Tuesday Talk: The Spirit of Place

By Lorraine Swoboda 

Lorraine
How do you choose the setting for a novel? You may know the who, and the when, but what about the where?

I set my novel in 1817, at a difficult time in British history. I had men who had left the army after Waterloo, and who were still looking for their place in the world of peace, and a heroine who lived detached from society, isolation being a theme; and I didn’t want grand houses or great wealth or status. These were ordinary people living through extraordinary events – fiction as life heightened - and I wanted my setting to suit them.

When I first began to write what eventually became Mrs Calcott’s Army some fourteen years ago, I knew where the events should take place.  I lived then in Wimborne, Dorset, a market town which still keeps its medieval street layout. Gentlemen’s houses abut thatched cottages, ancient houses hide behind slightly more modern shop fronts, and the Minster stands at the centre, with the Quarterjack marking the passage of time over the green that used to be a graveyard. Once the figure of a monk, to celebrate the founding of the Minster as a female (and later joint female-male) monastery, this had been altered to that of a Grenadier guardsman during the Napoleonic Wars; and that provided the military link between the setting and the male characters.

Wimborne Minster Wikipedia
The rivers Stour and Allen run round and through the town, and there are two parallel roads entering on one side; West Borough, which once led directly to the West door of the Minster, and East Borough, known locally as Crooked Borough.

More important to me, however, was what isn’t there anymore. I lived at Leigh – pronounced locally as lie – in what was originally a pair of thatched cob cottages built in the 1780s. A century later, a second pair of brick cottages was tacked onto one side, and the roofs slated, so they escaped the scrutiny of developers who cleared all the other cob buildings on Leigh Common, deeming them unfit for human habitation. An elderly neighbour gave me a postcard of one of them, with milk churns outside and a cow in the lane. When the livestock market was held, drovers stopped overnight on the Common with their cattle – a scene that appears in the book.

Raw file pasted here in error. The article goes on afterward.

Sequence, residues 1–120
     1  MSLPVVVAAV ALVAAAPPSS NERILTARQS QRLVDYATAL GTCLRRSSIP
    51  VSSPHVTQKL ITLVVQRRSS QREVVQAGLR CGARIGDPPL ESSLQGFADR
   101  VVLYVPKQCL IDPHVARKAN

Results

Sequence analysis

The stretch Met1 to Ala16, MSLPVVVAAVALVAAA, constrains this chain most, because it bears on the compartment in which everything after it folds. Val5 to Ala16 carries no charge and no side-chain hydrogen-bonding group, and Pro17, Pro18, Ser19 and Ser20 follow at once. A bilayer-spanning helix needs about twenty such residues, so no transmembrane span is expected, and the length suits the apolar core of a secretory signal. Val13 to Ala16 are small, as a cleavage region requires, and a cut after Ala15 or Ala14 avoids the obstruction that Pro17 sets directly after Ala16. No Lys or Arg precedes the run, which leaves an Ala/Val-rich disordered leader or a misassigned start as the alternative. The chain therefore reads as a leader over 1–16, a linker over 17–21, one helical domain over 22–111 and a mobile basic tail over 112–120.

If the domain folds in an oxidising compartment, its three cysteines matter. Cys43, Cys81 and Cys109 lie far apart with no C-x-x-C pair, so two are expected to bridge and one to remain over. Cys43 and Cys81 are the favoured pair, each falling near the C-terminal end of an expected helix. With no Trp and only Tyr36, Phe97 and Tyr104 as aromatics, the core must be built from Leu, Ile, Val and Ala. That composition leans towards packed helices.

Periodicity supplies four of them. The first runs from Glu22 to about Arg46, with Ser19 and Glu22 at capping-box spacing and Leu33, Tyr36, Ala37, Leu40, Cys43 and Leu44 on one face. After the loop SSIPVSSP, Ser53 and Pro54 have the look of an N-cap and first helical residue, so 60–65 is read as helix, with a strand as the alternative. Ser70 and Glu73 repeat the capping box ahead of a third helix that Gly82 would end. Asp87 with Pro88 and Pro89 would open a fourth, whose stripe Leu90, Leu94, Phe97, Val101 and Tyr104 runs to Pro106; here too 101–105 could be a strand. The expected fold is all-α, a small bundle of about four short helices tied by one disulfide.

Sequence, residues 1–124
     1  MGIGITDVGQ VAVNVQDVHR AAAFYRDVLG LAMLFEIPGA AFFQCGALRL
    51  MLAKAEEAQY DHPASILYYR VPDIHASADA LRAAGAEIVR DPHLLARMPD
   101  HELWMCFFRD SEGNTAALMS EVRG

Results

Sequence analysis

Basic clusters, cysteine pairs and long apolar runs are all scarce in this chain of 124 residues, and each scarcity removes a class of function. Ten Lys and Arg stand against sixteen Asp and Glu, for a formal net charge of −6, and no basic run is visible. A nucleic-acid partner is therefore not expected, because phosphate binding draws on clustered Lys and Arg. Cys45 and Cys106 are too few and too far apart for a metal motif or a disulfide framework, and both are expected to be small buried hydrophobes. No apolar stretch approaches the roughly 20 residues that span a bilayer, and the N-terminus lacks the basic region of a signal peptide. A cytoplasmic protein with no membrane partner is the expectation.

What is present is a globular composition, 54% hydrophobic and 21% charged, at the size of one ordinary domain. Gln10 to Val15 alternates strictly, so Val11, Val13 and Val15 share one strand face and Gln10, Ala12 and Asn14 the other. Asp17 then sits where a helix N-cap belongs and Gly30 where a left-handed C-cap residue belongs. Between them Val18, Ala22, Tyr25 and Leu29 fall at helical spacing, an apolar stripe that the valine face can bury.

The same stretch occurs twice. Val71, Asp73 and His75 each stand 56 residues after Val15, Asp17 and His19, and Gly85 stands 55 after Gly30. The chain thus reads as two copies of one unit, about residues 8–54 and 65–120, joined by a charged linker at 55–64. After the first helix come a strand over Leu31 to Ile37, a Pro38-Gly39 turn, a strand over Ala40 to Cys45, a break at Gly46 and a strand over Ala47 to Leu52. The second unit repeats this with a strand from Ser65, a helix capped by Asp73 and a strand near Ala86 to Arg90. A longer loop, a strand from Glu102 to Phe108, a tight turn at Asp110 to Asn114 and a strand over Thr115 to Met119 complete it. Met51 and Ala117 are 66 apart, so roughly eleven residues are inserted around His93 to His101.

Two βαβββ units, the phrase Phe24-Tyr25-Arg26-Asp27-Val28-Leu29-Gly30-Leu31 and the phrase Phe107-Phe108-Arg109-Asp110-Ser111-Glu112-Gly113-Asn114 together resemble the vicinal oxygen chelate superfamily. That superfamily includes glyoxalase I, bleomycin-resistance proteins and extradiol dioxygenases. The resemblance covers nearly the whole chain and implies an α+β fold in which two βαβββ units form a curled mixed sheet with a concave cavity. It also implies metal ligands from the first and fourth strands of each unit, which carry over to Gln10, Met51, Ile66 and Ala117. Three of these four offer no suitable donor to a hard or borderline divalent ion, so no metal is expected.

One day I came across a stall selling old photographs of local views. My house featured in one of them, not because it was especially picturesque, but because it stood next door to a sprawling thatched inn, the Horse and Jockey. It was a vast and ancient place of dubious reputation, lying just outside the town boundaries. Records show that at one time the landlady lost her license for selling beer on a Sunday. I was told by one who did the work that in the 1930s gas supplies were fitted into chalets at the back of the inn, whose purpose was not to be mentioned in mixed company.  Digging in the garden, I turned up a gaming token which, from date and style, attested to illegal gambling there in the 18th century. There was the stub of a wall with a hinge where a gate had hung, which once led to the well at the back of the inn. The right of way remains, though the purpose is long gone.

At the time that I was writing, banks and mortgage companies were getting rid of bundles of old deeds – far too much paperwork for them to keep when everything was computerised. I asked for ours, and they made fascinating reading because the cottages had belonged to the inn which in turn had belonged to local nobility; and that fact meant that there was a huge amount of documentation. I found that before it was the Horse and Jockey, the inn had been called by other names, including The Flower Pot.

Putting the sound of the place– Leigh/lie – together with illegal gaming and a feminine name for the inn, I had the scene for part of my novel. The Stour plays its role, and I have adapted some areas to accommodate other (imaginary) houses, but it was the inn which started it all.

Wimborne – indeed, large parts of Dorset – had a history of smuggling, which is mentioned in the novel in relation to the inn and to the hero’s disreputable great uncle, whose house he is visiting. It’s part of the backstory, and may one day come into its own in another novel.
The town is still famous for its market, which has been held there since at least the 13th century.  I placed this in the centre of town, on the site of a medieval Market Hall, though at various times it had been moved out to the perimeter because of the noise and the nuisance.
I used the facts as I knew them, but it was the spirit of place that mattered most to me. I needed to be able to plant the characters against a real backdrop, and to give a flavour of the town as it would have been in 1817.

a typical Dorset thatched cottage

Places change: in the years since I left, the town has undergone something of a makeover, but it’s just one of many that have happened in the course of its history. For the purposes of the novel, there’s a glimpse of one moment in time; and that moment started right outside my own door, with a token found in the soil, and a picture of what used to be.


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Twitter  @LorSwob



2 comments:

  1. What a treat to have the background to Lorraine's book! It is an excellent read and, although I am only a few chapters from finishing it, I still cannot guess the ending. A must read.

    ReplyDelete
    Replies
    1. Thanks for dropping by Liz - when you discover the ending sshh no spoilers - mum's the word!

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